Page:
I’m no economist, as any number of actual economists have pointed out to me over the years. But if I were to talk about rational expectations models (which I have), I would rant about how stupid they are. And I wouldn’t be wrong. As an old atmospheric modeler, I know a thing or two about models and the people who create them. And perhaps the most profound thing I know is that people model what they find easy to model. And then they try to justify ignoring what is not in their models. And when it comes to many modelers, the models become more real than the thing they are trying to model. So even though I see that real business cycle (RBC) models can provide insights into the way economies work, I scoff at them.

But Mark Thoma doesn’t. In his article he says of course these models are good. It’s a good thing to do because for many economists, these models are more dear than their children. (Fun fact: most economists raise their children in Skinner boxes.) He points out that models are just tools. (A fact that many modelers forget.) And that the real issue for the economics profession is that over the last couple of decades, it has become very limited in the kinds of questions that people are allowed to ask.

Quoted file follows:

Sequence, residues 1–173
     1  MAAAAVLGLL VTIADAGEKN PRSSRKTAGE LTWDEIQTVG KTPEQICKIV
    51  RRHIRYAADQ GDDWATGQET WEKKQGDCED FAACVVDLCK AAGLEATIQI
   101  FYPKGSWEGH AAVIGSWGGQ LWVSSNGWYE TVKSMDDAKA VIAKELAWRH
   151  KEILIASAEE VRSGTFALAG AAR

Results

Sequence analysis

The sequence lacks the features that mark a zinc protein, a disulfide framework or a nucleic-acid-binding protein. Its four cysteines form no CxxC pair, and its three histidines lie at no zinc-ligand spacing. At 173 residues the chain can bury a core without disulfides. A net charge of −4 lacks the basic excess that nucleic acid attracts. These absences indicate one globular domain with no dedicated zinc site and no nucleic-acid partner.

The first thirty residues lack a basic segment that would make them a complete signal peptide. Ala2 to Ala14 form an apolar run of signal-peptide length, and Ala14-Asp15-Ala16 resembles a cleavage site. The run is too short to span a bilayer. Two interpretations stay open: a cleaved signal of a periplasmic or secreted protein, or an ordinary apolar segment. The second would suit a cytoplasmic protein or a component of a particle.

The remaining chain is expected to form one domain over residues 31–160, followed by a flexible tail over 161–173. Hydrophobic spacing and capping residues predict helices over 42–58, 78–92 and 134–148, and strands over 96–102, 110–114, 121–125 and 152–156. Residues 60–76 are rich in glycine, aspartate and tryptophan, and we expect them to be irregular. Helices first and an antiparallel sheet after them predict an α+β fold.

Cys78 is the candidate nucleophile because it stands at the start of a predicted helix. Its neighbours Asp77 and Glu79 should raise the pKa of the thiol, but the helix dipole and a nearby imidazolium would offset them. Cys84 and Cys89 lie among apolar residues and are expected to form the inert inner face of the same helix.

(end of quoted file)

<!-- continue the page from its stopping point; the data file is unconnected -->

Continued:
One example he provides is that by using representative agent models, economists could not model financial markets. How could you if each agent thought the same thing about a financial asset? If they both think it will go up in value, then the one who owns it isn’t going to sell it. The point here is that tools have to be developed to answer questions. It does us little good to simply apply our existing tools to problems that can be solved with them. This takes us to the old saying, “If all you have is a hammer, everything looks like a nail.”